Today is a Winding Road

by Susan Pogorzelski on November 17, 2008 · 4 comments

Today is a winding road
That’s taking me to places that I didn’t want to go
Today in the blink of an eye
I’m holding on to something and I do not know why…

Boys Like Girls, “Thunder”

Susan Pogorzelski, France, November 2008

Note: this post was very difficult to write, as it’s deeply personal and emotional. I debated on whether or not I should post it, but I feel as if there is so much I have learned from this experience, and so many ways in which I‘ve grown. No apologies, no excuses. This is just me, bare naked.

When I first started talking about coming to France for the artists’ retreat, I thought it would be a great opportunity to focus on my writing, get back into that creative mindset, and rediscover a passion that has so long seemed dormant. But the more I thought about it, the more I realized that this was clearly an excuse for something more. I was searching for something…something that had been missing within myself. Why I had to travel to another country, I have no idea, especially as most of my time here has been spent worrying about the place I had just left; but still, what I was looking for has been found: a realization, a truth, a transformation, brought on in the most unlikely of ways.

Last week, I broke down. My anxiety came back in full force and merged with my sensitive nature and the desperation of homesickness. While one of the owners of the retreat encouraged me to continue on, knowing that this was a journey of which I would be unbelievably proud, I still harbored intense emotion. I was writing, I was laughing, I was smiling. I was making what may hopefully be lasting connections with wonderful, talented people, accompanied by the types of discussions I’ve always longed for — writing, arts, culture, books, food. Potluck dinners and shared stories, impromptu writing exercises and group encouragement, warm fires and an inviting library collection all made this a home. But there was another home, with another family, that held my heart, and I couldn’t get over the fact that I had left — for a short duration, to be sure. Yet on the cold nights, under the covers in my room, I would look at the clock on my laptop, see how slowly time was ticking back in the states, think about what my family and friends would be doing, and the heaviness in my heart would drown out all of my other thoughts like thunder during a storm.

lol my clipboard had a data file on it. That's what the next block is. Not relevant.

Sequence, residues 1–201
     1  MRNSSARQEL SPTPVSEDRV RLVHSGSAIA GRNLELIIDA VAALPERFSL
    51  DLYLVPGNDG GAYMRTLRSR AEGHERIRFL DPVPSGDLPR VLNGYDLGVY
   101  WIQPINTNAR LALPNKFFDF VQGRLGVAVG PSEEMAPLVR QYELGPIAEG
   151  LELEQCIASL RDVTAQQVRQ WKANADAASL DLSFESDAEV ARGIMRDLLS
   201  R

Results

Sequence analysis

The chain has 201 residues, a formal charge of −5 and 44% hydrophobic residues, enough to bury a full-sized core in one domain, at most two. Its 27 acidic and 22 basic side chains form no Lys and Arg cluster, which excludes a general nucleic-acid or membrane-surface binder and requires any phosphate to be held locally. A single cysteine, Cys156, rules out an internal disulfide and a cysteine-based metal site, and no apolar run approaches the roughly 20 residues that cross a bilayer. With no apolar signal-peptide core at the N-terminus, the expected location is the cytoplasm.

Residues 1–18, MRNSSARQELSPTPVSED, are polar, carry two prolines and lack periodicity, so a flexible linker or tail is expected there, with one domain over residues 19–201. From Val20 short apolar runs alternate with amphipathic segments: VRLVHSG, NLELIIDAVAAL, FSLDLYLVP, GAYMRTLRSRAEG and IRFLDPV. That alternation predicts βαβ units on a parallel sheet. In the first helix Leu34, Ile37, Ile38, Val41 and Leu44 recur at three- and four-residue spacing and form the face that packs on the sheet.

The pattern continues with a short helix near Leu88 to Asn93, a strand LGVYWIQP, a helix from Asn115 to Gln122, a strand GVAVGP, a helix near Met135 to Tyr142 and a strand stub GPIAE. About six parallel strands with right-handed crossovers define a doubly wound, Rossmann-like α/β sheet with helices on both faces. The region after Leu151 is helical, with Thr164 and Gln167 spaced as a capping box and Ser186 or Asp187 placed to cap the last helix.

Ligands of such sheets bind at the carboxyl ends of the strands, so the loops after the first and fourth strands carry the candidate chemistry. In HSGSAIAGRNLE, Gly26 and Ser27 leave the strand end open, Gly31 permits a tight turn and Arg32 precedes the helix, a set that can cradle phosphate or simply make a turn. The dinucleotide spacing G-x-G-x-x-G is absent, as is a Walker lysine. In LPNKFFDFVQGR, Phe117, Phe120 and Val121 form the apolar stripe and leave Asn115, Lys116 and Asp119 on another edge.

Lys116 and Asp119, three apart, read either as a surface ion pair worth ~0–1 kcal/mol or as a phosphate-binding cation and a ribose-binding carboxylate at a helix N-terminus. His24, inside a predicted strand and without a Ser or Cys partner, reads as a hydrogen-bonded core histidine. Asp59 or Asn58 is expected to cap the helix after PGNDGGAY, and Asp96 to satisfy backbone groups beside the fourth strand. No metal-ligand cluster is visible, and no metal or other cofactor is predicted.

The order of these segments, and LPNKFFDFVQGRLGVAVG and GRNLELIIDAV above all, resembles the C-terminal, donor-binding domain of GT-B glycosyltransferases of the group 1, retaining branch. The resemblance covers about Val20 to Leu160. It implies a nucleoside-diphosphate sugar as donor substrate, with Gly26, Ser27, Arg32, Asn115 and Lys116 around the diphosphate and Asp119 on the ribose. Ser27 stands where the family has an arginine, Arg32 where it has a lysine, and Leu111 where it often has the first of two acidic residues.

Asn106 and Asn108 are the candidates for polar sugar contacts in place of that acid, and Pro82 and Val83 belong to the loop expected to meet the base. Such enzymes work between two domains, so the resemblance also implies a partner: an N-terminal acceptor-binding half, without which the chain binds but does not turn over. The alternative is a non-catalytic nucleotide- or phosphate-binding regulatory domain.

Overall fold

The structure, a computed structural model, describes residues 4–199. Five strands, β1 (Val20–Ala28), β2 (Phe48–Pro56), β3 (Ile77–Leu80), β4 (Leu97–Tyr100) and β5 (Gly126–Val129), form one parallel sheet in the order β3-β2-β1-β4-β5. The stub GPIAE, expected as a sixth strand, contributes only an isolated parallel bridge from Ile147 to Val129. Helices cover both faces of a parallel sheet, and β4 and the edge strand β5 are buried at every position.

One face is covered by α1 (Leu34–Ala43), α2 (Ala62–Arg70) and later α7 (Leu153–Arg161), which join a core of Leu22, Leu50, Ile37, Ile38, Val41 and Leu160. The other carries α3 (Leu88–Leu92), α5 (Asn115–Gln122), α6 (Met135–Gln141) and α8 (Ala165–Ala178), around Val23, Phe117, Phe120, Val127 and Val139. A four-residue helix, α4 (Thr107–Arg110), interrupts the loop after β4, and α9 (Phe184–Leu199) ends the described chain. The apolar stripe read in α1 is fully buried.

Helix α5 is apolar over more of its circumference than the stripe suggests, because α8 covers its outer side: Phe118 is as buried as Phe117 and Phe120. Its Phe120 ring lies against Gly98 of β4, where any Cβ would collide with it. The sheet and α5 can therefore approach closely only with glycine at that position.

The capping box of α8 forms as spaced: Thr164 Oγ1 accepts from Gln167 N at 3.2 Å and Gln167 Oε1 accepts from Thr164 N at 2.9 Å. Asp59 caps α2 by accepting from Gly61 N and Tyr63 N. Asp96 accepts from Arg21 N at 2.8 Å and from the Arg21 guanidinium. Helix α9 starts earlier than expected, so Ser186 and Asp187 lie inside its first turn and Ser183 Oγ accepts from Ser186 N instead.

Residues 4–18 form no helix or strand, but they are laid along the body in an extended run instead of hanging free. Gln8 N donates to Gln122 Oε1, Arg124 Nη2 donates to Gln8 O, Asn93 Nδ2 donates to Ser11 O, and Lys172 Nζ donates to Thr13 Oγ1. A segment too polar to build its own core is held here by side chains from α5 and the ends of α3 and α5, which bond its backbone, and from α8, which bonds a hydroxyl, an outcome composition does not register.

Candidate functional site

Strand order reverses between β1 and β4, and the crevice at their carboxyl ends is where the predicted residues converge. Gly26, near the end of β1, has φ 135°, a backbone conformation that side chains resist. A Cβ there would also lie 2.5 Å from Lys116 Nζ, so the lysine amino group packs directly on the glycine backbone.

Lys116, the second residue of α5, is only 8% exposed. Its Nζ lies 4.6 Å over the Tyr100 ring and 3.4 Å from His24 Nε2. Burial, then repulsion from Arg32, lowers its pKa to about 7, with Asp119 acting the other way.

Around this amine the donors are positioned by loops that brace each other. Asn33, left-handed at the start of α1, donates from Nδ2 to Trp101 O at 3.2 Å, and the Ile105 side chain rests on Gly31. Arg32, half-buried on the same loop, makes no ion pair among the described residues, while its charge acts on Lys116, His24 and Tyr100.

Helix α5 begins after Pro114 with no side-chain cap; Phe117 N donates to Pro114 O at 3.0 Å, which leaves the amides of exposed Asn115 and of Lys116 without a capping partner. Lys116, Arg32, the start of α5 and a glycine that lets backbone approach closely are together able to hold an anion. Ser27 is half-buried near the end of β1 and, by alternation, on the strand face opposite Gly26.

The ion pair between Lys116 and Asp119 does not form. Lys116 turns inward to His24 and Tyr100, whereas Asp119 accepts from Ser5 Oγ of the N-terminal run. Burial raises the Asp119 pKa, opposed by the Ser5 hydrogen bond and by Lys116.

That heaviness, I have realized, had been with me even before I left, following me around, clinging to me as I have clung to comfort. Last Thursday, a bit of that weight was lifted.

One of the owners talked to me early last week about a friend of theirs who lives in a nearby village. He has a gift, she said, as a healer and a medium. He had helped her little boys with some physical ailments and wondered if I was interested in meeting with him for my anxiety. The analytical side of me is always skeptical; the spiritual side remains an open-minded believer in a practice so ancient. Something had to change, I had decided, and as there was no charge (but rather he accepted what would constitute a donation), I readily agreed and felt my anticipation building.

I understand more French than I can speak, and Yves spoke little English, so come Thursday morning, the owner of the retreat accompanied me as a translator and for support. Because I don’t want to lose all credibility, and despite the fact that I wrote it all down so that I can remember, I’m going to share only what I feel is relative.

He asked me for the spelling of my name, my birth date, and my mom’s first name, to which he wrote my responses down on a half sheet of paper. Then he jumped right into it: did I have any problems with my mom? My mom and I are incredibly close, and the only problem I could think of was separation anxiety, which I’ve felt so acutely on this trip. As I said this I remembered the day when she dropped me off at school — pre-first grade. I was crying as she walked down the stairs, calling after her, begging her not to leave me.

And I know that I still fear people leaving me. Whenever people go, a part of me, internally, at least, still begs for them to stay.

And that was the key, Yves said. I’m not a nervous person by nature, he told me, but I have so much fear locked up inside of me — I fear death and I fear life and I cling to that fear because it’s what I know. He said it began in adolescence and has continued into adulthood, and I know this to be so true — my fear of growing up, my fear of change. My fear of letting go of a childhood that has always provided such comfort. He said that I need to let go of that fear, and as soon as I do that and start thinking positively again, good things will happen. Negative attracts negative, but the reverse is also so very true.

My parents want me to be autonomous, just as I want to break free and find independence and be the adult woman I know is there inside of me, waiting to break through the surface, but drowning in all of my fear and emotion. A huge lesson I need to learn is how to let go of others, to not cling so tightly, to understand that loving someone doesn’t have to mean being close to them in distance, but rather bound together in heart.